U.S. legislative session coming to an end, fuel efficiency standards still on the table
As another legislative session in the U.S. inches closer to finishing, some have criticized the federal government for its apparent lack of activity. The summer session has been long and grueling, with little work getting done in the way of legislation. As federal lawmakers begin to head home, the Obama administration is to pull off what may be the most aggressive political move seen during this entire legislative session. President Obama is looking to sign off on aggressive fuel efficiency standards that could have serious implications for the auto industry.
Fuel efficiency standards could have an impact on the auto industry
Fuel efficiency has been a major concern of the government in recent months. Legislators have been working to establish more aggressive fuel efficiency standards in order to reduce the country’s reliance on fossil-fuels and ensure that new vehicles meet emissions standards. Many of the standards already in place directly affect the auto industry. Indeed, these standards, as well as those in other countries around the world, have been a contributing factor to the auto industry’s adoption of hydrogen fuel cells.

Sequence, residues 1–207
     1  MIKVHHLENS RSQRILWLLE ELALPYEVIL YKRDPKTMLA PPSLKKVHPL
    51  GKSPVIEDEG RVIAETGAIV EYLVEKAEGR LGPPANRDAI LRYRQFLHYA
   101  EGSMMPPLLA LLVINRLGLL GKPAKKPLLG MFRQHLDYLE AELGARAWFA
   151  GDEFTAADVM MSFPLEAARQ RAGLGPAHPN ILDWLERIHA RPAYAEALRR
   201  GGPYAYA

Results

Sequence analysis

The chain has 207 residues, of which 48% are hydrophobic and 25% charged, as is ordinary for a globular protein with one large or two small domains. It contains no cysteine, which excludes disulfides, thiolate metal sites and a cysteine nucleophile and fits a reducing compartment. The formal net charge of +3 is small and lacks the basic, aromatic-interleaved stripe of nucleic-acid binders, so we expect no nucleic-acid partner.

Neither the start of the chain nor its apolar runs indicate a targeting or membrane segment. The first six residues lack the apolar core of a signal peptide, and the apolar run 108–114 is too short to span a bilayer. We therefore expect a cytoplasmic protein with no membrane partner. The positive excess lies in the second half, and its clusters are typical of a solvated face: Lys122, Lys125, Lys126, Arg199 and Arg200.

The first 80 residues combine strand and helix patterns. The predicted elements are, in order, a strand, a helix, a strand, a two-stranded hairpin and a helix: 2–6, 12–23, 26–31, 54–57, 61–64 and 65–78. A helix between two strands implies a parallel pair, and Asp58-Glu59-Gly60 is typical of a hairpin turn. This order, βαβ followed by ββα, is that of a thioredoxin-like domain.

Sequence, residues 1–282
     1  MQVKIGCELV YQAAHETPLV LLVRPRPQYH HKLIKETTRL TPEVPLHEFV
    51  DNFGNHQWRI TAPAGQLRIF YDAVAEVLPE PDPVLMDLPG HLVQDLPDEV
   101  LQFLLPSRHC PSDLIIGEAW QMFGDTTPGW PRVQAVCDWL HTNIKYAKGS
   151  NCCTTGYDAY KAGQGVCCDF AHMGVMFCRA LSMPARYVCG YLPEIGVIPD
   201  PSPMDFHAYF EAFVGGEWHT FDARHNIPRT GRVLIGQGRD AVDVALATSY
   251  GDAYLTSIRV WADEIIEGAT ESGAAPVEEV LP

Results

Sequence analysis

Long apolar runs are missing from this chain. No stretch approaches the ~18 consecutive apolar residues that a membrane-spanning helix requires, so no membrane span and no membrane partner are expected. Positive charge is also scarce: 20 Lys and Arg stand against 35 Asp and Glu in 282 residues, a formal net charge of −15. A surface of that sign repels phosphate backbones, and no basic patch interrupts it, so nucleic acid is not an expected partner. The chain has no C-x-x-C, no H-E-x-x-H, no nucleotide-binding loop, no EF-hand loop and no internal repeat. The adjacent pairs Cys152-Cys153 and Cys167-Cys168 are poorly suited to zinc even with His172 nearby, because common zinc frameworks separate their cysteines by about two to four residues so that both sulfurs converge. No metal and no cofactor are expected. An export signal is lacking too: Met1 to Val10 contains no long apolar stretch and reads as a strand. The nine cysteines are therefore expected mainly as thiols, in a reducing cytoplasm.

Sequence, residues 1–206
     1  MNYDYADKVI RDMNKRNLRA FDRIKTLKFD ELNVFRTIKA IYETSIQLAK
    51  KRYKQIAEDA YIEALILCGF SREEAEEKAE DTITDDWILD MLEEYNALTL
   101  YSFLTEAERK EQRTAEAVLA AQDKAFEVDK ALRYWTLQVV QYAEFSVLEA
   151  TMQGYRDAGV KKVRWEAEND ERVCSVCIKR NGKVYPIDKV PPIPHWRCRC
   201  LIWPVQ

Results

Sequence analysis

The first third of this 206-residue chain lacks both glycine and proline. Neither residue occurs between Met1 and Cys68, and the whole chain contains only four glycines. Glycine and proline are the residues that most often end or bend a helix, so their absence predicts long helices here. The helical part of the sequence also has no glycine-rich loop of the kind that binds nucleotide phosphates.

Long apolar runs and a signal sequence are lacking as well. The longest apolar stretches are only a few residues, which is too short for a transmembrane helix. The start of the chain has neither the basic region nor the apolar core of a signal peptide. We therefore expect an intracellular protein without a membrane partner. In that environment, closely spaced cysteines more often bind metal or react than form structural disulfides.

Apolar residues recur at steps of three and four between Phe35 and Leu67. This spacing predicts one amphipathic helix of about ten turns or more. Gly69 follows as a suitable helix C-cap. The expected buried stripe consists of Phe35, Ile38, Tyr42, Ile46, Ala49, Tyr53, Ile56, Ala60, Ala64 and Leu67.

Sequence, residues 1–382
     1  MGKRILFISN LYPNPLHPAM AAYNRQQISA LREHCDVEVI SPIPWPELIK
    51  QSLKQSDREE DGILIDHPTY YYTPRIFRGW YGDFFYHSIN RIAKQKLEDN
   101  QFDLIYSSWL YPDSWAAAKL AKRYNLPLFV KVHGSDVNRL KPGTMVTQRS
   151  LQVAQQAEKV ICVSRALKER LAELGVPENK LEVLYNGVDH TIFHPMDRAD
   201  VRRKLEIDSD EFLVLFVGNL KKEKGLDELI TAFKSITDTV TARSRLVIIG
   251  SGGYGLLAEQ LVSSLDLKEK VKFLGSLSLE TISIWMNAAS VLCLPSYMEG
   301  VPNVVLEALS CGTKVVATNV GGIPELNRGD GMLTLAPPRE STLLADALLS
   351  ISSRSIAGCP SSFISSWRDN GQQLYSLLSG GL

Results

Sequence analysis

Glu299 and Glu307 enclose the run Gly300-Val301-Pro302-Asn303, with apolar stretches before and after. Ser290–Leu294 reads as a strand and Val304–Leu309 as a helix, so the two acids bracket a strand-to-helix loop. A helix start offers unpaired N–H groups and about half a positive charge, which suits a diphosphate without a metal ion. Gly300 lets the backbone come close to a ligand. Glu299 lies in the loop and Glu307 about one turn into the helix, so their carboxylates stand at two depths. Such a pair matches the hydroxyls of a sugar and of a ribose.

Standards could create half a million jobs and return trillions of dollars to consumers
The Obama administration is currently finalizing details of a program that is meant to ensure that passenger vehicles will average approximately 54-miles per gallon by 2025. The plan itself is somewhat ambitious, but the Obama administration believes that such a feat is entirely possible, especially with the majority of large automakers taking a keen liking to hydrogen fuel. If successful, the administration belives that the plan could create more than 500,000 jobs and return $1.7 trillion to consumers through fuel savings.
Fuel efficiency beginning to gain attention for economic potential
Fuel efficiency has long been considered a matter of the environment. As with the other aspects of sustainability, fuel efficiency is beginning to get attention for its economic implications. With economics beginning to play a larger role in sustainability, governments are more likely to take matters like fuel efficiency more seriously in the future.
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